70 HIV/AIDS Research Division faculty members have received significant funding for and had numerous publications related to the development of topical microbicides to prevent the spread of HIV. In 2005 Dr. Mary Klotman, Marla Keller, MD, of Medicine, and associates conducted a clinical pilot study demonstrating that when a microbicide was vaginally applied, cervical vaginal samples from women using the microbicide showed significant anti-hiv and antiherpes simplex (HSV) activity compared to women using a placebo. The promising results of this trial were published in the Journal of Infectious Diseases 1 and have sparked additional work in this area. As part of the Division s commitment to microbicide development, Dr. Klotman and infectious disease fellow, Natalia Teleshova, MD, in collaboration with members of the Departments of Obstetrics and Gynecology and Pathology, established the cervical vaginal explant model to study the determinants of HIV transmission in the setting of sexually transmitted diseases. Theresa Chang, PhD, of Medicine, has been studying the role of defensins small proteins in the prevention and treatment of HIV infection. In a study published in the Journal of Clinical Investigation in 2005, 2 Dr. Chang and colleagues were the first to identify the mechanism by which alpha-defensin-1 inhibits HIV infection. Research by Drs. Klotman and Chang on defensins resulted in a comprehensive review of the literature in the Nature Review of Immunology in Also in 2006 Viviana Simon, MD, PhD, Assistant Professor of Medicine, was recruited to build a research program in HIV host resistance and its implications for antiretroviral resistance and the development of new therapies. Faculty from the Division of Infectious Diseases have worked closely with colleagues in the Division of Liver Diseases to make Mount Sinai a major center for research and treatment related to HIV/hepatitis C co-infection. They have found very early evidence of hepatic fibrosis in HIVinfected patients newly infected with hepatitis C. In 2006 Dr. Fishbein published an intriguing paper in the Journal of Acquired Immune Deficiency Syndrome 4 that investigated, prospectively, the predictors of HCV RNA levels in drug users. Dr. Mary Klotman and Daniel Fierer, MD, Assistant Professor of Medicine, are both working with Paul Klotman, MD, Chairman of Medicine, on a program project grant from the National Institute of Diabetes and Digestive and Kidney Diseases to study the pathogenesis and genetics of HIV- Associated Nephropathy (HIVAN). Travel Health Recruited to the Division in 2005, Dr. Caplivski is a former Mount Sinai fellow. During his fellowship, he participated in the Gorges Course in Tropical Medicine to hone his skills in global health. In 2006 he was appointed medical director of Mount Sinai School of Medicine s Travel Health Program, which is a designated Yellow Fever Center and one of only 27 worldwide sites in the GeoSentinel Network for the surveillance of emerging diseases. Antibiotic Management In 2005 the Division launched the Antibiotic Assistance Program (AAP), under the direction of Nathalie Casau, MD, of Medicine, with goals of reducing pharmacy antimicrobial expenditures and other hospital costs associated with antimicrobial use, improving patient outcomes, and preventing the emergence of drug-resistant pathogens. After only its first year of operation, the AAP reported 5,963 initial requests for restricted antimicrobial agents. By promoting compliance with antimicrobial-related indications issued by regulatory and payer agencies, Dr. Casau and her team were able to achieve an estimated 1 J Infect Dis Jan 1;193(1): J Clin Invest Mar;115(3): Nat Rev Immunol Jun;6(6): J Acquir Immune Defic Syndr Apr 1;41(4): DIVISION OF INFECTIOUS DISEASES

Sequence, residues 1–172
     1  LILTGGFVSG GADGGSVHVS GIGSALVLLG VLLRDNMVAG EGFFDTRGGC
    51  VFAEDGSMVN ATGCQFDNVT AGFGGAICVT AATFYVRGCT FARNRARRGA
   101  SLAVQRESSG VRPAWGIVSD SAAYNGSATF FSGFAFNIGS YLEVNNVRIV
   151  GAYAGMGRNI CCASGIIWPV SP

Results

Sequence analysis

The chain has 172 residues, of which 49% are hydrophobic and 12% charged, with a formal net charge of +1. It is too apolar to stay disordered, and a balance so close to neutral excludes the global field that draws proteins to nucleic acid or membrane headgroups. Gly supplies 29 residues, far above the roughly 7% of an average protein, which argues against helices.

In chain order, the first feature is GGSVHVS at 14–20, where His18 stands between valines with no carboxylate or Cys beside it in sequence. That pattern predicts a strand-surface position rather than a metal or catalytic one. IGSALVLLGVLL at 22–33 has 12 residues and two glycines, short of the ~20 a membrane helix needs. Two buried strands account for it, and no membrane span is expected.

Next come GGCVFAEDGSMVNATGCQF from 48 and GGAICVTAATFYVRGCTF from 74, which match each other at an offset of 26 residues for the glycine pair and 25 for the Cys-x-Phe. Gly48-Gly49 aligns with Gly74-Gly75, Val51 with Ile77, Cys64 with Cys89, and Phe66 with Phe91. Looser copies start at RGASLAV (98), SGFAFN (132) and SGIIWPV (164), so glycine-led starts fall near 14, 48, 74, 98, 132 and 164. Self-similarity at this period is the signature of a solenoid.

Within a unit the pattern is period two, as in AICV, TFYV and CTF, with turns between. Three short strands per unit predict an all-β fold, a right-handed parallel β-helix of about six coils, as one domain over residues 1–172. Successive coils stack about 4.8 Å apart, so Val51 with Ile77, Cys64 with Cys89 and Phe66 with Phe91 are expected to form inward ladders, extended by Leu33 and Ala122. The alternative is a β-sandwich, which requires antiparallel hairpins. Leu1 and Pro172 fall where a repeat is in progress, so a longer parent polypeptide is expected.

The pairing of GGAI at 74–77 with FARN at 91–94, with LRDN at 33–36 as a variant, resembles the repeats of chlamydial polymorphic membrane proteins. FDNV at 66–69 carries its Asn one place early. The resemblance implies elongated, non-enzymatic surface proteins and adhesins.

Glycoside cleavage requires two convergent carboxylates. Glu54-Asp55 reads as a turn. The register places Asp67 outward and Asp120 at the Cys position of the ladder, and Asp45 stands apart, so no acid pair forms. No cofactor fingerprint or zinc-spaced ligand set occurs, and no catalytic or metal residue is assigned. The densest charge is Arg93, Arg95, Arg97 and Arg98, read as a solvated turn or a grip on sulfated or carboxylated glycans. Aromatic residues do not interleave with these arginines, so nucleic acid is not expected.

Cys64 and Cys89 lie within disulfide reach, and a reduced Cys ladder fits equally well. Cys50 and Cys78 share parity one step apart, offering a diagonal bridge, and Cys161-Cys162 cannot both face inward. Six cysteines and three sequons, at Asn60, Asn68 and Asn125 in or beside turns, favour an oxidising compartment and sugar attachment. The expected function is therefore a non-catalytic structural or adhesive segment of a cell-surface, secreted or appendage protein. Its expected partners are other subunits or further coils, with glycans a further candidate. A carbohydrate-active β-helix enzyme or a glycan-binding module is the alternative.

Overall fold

71 DR. MICHAEL MULLEN ID Under Dr. Mullen s leadership the infectious diseases faculty practice reported an astounding 145 percent per annum increase in patient visits in